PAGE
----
The New Zealand cricket tour looks set to continue.
A report emerged yesterday that the tour had been cancelled but it appears to be myth.
The Black Caps are set to head to Indore, the venue for the third test, on a chartered flight this afternoon Indian time.
The claims of a curtailment came after Justice LM Lodha's committee directed banks to freeze some accounts of the BCCI, Indian cricket's ruling body.
According to the Indian Express newspaper, a senior board official said: "We have no option other than to call off the India-New Zealand series as our banks have decided to freeze BCCI accounts. We don't want India to be humiliated in front of the world. How can we function, how can we hold any games now? Who will make the payment? Freezing a bank account is no joke. An international team is here, and there is so much at stake."
That appeared to be somewhat of an exaggeration when it was revealed the Lodha Committee had not asked for all BCCI's accounts to be frozen, but only two specific payments from the board to its state associations.
They stressed payments for other routine affairs - such as organising cricket matches - could go on as per usual.
A well-placed Indian-based source told NZME the tour "would not be cancelled" and New Zealand Cricket chief executive David White said all elements to the story had been news to his organisation.
"As far as we're concerned, we're planning to travel on a plane tomorrow to Indore for the third test," he told NZME.
New Zealand coach Mike Hesson said they had heard nothing to the contrary, "Apart from a few partners at home thinking we're going back early".
The Star Sports television crew was also booked to go to Indore as host broadcasters.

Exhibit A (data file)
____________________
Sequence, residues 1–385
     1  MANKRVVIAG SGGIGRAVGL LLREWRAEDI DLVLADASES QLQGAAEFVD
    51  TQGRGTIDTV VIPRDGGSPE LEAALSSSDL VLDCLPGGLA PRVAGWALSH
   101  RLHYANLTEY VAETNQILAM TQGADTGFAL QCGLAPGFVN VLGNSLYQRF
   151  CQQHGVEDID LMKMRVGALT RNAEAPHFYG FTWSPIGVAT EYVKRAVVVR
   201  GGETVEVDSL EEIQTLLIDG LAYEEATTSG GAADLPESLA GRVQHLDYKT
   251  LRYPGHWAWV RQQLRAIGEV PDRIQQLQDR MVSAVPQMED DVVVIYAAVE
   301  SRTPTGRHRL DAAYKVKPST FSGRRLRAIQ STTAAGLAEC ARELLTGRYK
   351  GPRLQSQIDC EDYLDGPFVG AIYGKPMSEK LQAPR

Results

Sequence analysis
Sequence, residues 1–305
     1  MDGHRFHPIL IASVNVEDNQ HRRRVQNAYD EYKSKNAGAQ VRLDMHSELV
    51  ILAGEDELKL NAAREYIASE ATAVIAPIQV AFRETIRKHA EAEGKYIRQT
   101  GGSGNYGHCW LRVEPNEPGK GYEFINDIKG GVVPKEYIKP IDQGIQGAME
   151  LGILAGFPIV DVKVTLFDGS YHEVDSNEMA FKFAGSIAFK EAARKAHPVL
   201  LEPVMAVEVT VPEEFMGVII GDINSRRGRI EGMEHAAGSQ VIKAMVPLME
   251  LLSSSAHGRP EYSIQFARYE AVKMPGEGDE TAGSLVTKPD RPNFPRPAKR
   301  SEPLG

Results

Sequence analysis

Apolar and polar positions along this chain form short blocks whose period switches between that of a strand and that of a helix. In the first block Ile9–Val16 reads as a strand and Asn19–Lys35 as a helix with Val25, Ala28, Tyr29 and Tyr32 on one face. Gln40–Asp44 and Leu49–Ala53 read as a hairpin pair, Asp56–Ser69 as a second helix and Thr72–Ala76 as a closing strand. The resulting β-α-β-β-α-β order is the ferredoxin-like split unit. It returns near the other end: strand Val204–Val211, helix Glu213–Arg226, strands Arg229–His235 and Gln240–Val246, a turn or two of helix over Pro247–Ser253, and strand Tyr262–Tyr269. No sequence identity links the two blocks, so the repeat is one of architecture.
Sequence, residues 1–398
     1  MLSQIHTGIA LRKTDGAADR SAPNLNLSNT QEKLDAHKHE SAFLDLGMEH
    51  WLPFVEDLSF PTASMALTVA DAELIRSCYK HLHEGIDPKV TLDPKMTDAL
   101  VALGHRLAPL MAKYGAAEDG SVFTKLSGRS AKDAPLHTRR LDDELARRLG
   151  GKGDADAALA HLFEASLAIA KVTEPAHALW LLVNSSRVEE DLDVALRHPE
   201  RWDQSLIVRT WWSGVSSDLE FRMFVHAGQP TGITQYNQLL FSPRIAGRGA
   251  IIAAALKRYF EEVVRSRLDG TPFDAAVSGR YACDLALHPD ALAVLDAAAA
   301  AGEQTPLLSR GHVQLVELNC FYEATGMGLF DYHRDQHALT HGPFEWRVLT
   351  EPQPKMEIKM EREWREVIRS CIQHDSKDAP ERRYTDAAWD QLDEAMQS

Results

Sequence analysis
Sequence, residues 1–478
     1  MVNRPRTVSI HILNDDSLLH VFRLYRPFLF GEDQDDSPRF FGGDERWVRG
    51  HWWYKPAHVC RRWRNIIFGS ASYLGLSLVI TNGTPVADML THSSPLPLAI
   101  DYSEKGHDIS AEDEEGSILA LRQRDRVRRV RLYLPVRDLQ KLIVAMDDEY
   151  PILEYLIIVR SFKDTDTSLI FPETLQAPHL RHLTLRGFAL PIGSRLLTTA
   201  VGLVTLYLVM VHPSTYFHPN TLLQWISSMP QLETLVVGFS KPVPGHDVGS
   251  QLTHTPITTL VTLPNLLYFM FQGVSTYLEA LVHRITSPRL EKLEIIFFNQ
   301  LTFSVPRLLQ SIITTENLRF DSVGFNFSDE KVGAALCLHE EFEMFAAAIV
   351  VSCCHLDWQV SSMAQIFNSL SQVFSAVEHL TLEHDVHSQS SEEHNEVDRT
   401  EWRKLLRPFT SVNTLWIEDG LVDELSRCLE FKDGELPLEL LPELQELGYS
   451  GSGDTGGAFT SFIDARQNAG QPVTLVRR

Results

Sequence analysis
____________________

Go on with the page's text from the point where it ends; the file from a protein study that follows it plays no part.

The BCCI has been in an ongoing battle with the Indian courts following the release of the Lodha Committee report in January. The committee recommended a complete overhaul of the way the sport, sometimes described as a religion in the world's second-most populous country, was run by the BCCI.
The BCCI has often been described as an oligarchy, with allegations of nepotism and corruption rife.
The committee recommended, among a host of other things, that ministers and bureaucrats will not be allowed to hold positions on the board, or those holding positions in their state associations or those above 70 years of age.
The BCCI appealed a number of the recommendations to the Supreme Court, however they came back and said all recommendations, not just a cherry-picked few, would have to be implemented.
With the BCCI having missed deadlines to implement change, Justice Lodha ordered the banks to freeze accounts, hence the Black Caps finding themselves in the middle of a political situation, none of it their making.
The third test starts in Indore on Saturday with India winning the series 2-0 in Kolkata.
- additional reporting Dylan Cleaver